Greedy approaches

There are two greedy approaches one might try:

1. Pick the color that maximizes the number of cells covered.

2. The most frequent color in the perimeter of the current region.

In Figure 2, we have an instance where this strategies can be arbitrarily bad [1]. They use n colors while the optimal solution is 3.

Figure 2: A 10×10 board for which the greedy algorithms perform badly [1]

Approximation algorithms

Surprisingly, the following naïve strategy:

Cycle through all colors until the board is colored.

gives a solution with a value within a factor of the optimal value.

More specifically, if L is the optimal number of movements and C the number of available colors, then this algorithm solves the problem with no more than C L movements. To see why, let \{c_1, c_2, \cdots, c_L \} be the color sequence of the optimal solution. In the worst case, each cycle covers at least one color in the sequence. Thus, this algorithm is C approximated.

This can be refined to C-1 observing that the cycle does not need to have the current color of the flooded region.

The authors improve this bound with a randomized algorithm that achieves a \frac{2c}{3} expected factor.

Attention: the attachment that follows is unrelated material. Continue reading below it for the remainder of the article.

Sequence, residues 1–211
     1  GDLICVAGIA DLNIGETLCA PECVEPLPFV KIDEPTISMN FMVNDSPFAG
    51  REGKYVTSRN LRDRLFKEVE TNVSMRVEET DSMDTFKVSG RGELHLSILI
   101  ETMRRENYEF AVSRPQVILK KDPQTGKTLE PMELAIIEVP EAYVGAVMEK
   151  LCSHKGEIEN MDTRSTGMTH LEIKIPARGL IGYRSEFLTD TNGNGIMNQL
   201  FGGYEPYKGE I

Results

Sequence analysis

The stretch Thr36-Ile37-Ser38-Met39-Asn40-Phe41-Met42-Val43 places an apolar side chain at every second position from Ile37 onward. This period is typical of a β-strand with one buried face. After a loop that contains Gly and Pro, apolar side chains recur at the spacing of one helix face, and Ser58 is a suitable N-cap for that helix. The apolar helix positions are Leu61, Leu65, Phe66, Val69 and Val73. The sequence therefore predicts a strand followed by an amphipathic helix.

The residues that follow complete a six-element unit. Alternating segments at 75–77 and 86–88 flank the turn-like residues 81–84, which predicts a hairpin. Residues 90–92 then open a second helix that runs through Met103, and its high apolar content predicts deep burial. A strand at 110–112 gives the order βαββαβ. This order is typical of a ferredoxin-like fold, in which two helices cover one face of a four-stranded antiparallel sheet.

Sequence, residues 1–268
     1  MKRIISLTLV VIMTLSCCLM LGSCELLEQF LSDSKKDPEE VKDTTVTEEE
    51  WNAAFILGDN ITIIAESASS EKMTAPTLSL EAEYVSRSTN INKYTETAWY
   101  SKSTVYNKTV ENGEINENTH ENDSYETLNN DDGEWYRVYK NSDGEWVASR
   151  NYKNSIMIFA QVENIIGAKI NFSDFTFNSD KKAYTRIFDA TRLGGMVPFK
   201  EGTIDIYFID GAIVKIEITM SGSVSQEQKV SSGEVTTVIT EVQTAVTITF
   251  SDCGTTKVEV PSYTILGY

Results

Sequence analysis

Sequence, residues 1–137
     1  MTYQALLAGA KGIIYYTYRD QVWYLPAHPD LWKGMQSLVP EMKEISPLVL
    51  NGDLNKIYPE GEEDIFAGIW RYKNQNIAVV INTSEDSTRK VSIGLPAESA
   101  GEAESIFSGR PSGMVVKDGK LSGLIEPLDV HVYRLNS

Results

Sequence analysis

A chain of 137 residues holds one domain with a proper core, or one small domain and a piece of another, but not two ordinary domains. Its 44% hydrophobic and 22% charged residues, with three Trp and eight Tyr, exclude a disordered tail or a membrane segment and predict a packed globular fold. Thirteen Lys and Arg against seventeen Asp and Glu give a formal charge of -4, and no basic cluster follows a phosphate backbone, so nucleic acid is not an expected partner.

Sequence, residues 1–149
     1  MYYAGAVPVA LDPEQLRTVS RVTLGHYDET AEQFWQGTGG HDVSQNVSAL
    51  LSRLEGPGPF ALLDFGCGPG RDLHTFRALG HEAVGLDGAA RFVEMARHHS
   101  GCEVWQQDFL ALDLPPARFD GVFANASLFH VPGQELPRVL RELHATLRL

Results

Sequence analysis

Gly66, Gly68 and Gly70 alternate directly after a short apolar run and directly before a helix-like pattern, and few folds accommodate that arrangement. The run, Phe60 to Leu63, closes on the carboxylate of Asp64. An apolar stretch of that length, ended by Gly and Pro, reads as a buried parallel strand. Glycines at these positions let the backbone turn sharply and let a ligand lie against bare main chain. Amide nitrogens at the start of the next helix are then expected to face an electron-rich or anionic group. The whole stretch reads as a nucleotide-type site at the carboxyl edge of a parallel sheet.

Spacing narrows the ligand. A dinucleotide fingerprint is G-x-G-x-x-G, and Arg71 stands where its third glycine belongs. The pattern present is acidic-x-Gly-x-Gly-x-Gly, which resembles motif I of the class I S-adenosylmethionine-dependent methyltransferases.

They also give a lower bound, proving that if the number of colors is arbitrary, no polynomial time approximated algorithm with a constant factor can exist unless P=NP.

Bounds

An upper bound for the number of movements required for solving any n \times n is given by the following theorem:

Theorem 1: There exists a polynomial time algorithm for Flood-It which can flood any n x n board with C colors in at most 2n + (\sqrt{2C})n + C moves.

Conversely, we can set an lower bound for a n \times n board:

Theorem 2: For 2 \le C \le n^2, there exists an n \times n board with (up to) c colors which requires at least (\sqrt{C - 1})n/2 - C/2 moves to flood.

That is, we can’t expect an algorithm to perform much better than the one from Theorem 1 for arbitrary boards.

Integer Linear Programming

Let C be the number of colors and k an upper bound for the optimal solution. A component is a connected region of pixels with same color, considering 4-adjacency. Two components i and j are adjacenct if there exists at least a pixel in i adjacent to a pixel in j.

We denote by N(i) the set of components adjacent to component i. Let S be the set of components and m = |S|. Furthermore, let c_{i} be the color of component i.

We define the binary variable x_{ct} that is 1 if color c = 1, \cdots, C is chosen at iteration t = 1, \cdots, k or 0 otherwise. We also define the binary variable y_{it} that is 1 if component i = 1, \cdots, m is filled in some iteration t or 0 otherwise.

For simplicity, we’ll assume that the component of the seed cell has index i = 1.

(1) Objective function:

\displaystyle \min \sum_{c=1}^{C} \sum_{t=1}^{k} x_{ct}

(2) For each component i,

\displaystyle \sum_{t=1}^{k} y_{it} = 1

(3) For each iteration t,

\displaystyle \sum_{c=1}^{C} x_{ct} \le 1

(4) For each component i and iteration t,